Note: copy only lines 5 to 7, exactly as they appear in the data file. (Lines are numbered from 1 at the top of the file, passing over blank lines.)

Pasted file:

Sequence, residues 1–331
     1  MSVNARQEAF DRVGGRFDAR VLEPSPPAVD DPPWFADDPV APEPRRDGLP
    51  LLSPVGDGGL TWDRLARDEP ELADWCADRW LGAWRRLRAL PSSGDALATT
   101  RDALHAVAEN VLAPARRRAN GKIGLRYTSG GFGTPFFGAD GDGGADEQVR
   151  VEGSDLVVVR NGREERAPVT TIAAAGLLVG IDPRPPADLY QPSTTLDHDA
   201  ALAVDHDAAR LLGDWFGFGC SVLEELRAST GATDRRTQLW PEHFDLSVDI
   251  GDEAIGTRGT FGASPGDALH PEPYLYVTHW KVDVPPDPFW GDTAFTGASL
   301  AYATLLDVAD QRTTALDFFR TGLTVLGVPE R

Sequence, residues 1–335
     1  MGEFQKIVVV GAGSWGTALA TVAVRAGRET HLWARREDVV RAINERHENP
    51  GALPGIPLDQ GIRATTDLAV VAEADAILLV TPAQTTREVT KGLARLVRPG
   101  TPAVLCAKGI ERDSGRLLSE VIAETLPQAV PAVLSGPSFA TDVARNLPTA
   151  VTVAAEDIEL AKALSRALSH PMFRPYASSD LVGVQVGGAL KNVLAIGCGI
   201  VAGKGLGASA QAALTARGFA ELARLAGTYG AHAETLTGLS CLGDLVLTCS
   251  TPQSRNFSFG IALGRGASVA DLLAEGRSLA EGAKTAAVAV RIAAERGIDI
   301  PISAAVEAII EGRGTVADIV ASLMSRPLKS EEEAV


   151  VEGSDLVVVR NGREERAPVT TIAAAGLLVG IDPRPPADLY QPSTTLDHDA
   201  ALAVDHDAAR LLGDWFGFGC SVLEELRAST GATDRRTQLW PEHFDLSVDI
   251  GDEAIGTRGT FGASPGDALH PEPYLYVTHW KVDVPPDPFW GDTAFTGASL